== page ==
The campus Chick-fil-A in particular, Wynn says, required some post-implementation troubleshooting.
“One of the initial challenges that came up was with Chick-fil-A. They are very specific with how long their food can sit,” Wynn explains. “They didn’t want anyone to put in an order and have that order fulfilled and sitting there for 10 or 15 minutes before pick up.”
To address this challenge Georgia Southern and Transact worked collaboratively on a solution.
“Initially the solution was a manual check in when the student arrived to the Chick-fil-A counter, but that ended up taking longer than standing in the normal line to order,” says Wynn. “So we worked with Transact and were able to create a mobile check-in feature that users, as they get close, tells Chick-fil-A that the student is on their way and that then prompts the order fulfillment.”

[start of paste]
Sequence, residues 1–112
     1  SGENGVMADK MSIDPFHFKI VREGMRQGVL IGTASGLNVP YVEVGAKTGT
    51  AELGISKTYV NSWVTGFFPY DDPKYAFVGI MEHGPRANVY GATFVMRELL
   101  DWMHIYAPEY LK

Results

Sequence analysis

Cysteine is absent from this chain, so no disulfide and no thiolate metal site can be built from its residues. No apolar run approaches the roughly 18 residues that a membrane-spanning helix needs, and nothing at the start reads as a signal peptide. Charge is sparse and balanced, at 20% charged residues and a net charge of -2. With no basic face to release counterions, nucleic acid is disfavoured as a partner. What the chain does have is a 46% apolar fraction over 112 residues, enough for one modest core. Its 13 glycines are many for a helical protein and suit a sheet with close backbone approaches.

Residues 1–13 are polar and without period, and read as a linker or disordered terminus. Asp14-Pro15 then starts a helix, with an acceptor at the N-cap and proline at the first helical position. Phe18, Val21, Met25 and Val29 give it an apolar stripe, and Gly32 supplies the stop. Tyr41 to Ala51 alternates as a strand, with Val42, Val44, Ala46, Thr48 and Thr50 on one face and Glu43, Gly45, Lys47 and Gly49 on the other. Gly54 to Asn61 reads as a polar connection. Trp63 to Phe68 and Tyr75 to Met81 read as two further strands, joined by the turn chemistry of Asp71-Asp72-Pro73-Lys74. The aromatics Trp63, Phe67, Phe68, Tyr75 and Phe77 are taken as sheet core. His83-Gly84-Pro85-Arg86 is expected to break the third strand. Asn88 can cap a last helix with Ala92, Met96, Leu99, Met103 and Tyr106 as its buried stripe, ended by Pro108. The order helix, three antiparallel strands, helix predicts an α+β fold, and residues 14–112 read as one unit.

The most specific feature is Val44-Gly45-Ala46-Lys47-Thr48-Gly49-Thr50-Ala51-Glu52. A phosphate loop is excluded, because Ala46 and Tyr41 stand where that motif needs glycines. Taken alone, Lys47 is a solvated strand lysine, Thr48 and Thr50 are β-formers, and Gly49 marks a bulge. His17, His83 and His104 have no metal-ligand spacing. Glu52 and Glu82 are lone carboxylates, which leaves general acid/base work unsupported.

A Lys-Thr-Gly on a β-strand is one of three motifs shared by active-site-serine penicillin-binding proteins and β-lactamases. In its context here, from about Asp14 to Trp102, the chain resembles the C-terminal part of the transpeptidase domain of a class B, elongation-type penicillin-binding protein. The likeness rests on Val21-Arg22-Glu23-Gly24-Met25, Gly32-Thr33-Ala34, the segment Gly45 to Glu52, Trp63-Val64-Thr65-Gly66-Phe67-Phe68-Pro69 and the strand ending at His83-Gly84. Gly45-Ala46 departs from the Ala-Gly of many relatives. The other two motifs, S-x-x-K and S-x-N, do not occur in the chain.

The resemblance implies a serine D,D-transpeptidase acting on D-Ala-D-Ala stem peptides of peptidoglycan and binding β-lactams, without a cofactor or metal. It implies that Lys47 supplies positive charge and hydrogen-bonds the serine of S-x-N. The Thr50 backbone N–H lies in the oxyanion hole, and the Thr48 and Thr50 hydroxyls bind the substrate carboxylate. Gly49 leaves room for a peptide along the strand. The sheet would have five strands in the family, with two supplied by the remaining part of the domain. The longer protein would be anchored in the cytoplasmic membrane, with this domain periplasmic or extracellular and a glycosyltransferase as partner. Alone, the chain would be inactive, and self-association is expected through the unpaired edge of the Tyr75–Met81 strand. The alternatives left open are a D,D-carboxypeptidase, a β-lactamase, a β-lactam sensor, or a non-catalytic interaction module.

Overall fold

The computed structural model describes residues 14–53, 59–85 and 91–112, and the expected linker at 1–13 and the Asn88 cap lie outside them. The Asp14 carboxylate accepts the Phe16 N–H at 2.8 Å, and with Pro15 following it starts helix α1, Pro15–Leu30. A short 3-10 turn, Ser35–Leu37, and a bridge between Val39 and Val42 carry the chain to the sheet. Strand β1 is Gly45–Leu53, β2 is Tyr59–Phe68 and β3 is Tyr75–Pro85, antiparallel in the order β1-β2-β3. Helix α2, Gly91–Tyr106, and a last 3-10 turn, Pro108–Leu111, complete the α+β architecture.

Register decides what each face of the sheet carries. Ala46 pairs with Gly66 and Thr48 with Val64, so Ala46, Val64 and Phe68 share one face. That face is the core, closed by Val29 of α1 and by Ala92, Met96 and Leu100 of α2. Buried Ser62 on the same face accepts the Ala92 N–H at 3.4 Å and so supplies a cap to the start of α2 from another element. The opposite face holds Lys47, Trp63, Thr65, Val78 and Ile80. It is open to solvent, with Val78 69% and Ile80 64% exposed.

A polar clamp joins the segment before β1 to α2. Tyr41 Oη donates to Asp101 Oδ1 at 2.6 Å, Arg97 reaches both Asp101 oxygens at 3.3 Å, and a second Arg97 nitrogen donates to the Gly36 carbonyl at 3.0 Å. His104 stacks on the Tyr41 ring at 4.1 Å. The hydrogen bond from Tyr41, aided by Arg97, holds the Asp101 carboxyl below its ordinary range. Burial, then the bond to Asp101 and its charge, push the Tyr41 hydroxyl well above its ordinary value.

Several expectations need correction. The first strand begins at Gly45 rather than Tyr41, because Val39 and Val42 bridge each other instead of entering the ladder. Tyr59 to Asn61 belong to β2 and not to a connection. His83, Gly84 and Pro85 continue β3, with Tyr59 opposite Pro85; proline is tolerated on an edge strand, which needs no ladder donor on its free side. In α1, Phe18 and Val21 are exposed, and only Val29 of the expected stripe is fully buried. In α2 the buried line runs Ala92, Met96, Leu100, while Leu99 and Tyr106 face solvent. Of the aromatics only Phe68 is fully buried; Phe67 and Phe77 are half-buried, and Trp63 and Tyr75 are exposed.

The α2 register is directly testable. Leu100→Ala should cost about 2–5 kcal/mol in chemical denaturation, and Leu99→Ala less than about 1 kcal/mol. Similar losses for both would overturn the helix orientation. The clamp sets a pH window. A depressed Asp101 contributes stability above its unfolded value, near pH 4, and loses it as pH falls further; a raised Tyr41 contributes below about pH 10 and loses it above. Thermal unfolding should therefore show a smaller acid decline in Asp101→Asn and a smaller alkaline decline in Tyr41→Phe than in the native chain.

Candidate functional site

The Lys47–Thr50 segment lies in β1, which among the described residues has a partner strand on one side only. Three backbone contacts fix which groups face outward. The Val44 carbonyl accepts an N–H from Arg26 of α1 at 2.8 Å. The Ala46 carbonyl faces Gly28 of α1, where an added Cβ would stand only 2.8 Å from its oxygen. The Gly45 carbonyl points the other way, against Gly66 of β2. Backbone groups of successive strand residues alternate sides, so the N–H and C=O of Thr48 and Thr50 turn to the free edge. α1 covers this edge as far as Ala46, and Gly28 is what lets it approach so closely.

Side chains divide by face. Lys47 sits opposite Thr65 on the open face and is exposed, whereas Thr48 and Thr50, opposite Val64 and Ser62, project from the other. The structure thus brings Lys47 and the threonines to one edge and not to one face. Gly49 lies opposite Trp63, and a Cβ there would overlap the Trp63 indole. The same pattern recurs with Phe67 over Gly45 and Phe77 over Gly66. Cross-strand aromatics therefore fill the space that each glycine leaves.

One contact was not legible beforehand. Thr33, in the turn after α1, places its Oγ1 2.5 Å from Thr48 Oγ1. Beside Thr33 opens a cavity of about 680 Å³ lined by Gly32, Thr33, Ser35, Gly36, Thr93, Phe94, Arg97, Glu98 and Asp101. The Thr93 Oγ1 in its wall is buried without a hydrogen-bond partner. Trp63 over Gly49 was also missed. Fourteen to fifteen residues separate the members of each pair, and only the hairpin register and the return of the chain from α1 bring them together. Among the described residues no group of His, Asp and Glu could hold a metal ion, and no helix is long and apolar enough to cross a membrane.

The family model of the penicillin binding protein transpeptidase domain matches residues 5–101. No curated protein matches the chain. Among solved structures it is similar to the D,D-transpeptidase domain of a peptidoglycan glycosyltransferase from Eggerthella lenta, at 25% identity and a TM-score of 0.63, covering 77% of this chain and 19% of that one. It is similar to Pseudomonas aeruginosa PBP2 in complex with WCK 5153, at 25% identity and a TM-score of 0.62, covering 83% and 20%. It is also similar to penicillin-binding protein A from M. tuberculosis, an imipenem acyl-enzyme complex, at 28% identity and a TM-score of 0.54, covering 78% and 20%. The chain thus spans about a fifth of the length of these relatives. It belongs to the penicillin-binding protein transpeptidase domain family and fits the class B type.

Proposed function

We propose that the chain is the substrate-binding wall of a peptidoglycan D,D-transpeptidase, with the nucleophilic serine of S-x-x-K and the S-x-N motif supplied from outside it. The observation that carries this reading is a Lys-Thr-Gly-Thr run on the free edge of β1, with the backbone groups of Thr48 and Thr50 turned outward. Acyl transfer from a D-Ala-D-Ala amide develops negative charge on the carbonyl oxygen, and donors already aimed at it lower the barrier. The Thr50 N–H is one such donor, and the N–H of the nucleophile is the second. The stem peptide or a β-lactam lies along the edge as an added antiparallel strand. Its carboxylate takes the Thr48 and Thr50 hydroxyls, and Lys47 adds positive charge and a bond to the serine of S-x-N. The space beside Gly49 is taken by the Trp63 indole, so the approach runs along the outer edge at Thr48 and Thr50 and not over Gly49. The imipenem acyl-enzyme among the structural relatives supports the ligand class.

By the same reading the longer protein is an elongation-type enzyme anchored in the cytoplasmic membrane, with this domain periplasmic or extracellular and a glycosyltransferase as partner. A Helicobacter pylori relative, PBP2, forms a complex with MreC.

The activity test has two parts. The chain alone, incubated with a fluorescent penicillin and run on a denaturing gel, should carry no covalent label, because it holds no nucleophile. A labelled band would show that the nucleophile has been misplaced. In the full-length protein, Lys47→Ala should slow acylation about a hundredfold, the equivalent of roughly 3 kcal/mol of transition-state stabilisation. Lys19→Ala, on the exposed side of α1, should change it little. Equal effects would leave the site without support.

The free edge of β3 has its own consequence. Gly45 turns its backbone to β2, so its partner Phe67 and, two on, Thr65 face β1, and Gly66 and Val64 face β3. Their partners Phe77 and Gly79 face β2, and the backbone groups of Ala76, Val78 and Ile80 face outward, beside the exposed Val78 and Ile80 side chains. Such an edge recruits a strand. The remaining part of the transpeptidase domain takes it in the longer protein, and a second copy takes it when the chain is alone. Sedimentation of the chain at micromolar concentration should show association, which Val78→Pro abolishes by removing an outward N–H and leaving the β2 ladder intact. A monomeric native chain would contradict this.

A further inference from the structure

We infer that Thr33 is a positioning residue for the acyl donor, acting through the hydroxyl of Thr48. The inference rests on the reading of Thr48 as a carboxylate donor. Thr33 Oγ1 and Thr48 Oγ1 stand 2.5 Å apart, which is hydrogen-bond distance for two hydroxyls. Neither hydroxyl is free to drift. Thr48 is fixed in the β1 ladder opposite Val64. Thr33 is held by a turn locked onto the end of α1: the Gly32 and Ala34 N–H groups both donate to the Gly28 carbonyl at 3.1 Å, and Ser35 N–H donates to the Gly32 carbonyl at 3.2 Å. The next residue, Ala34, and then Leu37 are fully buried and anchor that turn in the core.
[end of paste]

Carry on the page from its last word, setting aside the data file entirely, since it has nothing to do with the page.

A mobile ordering system is only as effective as it’s backend reporting and reconciliation, and Georgia Southern’s operation had a few needs that had to be met.
“Transact Mobile Ordering is comparable to what we had before,” says Wynn. “But one of the big differences is that before all the back-end service used to be done by our mobile ordering provider.”
Georgia Southern dining is self-op and has its own accounting department so at times, the two systems were tough to keep in sync.
"Right now 10-15% of the overall daily orders at our Starbucks, Chick-fil-A and other popular locations are now mobile orders placed through Transact Mobile Ordering."
A caveat to this was that any problems that a customer had with an order would be handled by the mobile ordering provider. “They would then make some type of restitution separate to our records,” says Wynn. This caused challenges with reconciliation and he says that solving that issue was key to the migration.